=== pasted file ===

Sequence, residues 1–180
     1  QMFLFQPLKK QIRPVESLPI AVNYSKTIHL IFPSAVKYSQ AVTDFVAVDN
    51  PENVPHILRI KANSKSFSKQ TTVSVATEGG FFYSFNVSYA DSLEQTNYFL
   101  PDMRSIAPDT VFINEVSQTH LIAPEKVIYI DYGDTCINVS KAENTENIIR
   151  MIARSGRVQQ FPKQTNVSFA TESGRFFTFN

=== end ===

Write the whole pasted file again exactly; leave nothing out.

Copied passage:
Sequence, residues 1–180
     1  QMFLFQPLKK QIRPVESLPI AVNYSKTIHL IFPSAVKYSQ AVTDFVAVDN
    51  PENVPHILRI KANSKSFSKQ TTVSVATEGG FFYSFNVSYA DSLEQTNYFL
   101  PDMRSIAPDT VFINEVSQTH LIAPEKVIYI DYGDTCINVS KAENTENIIR
   151  MIARSGRVQQ FPKQTNVSFA TESGRFFTFN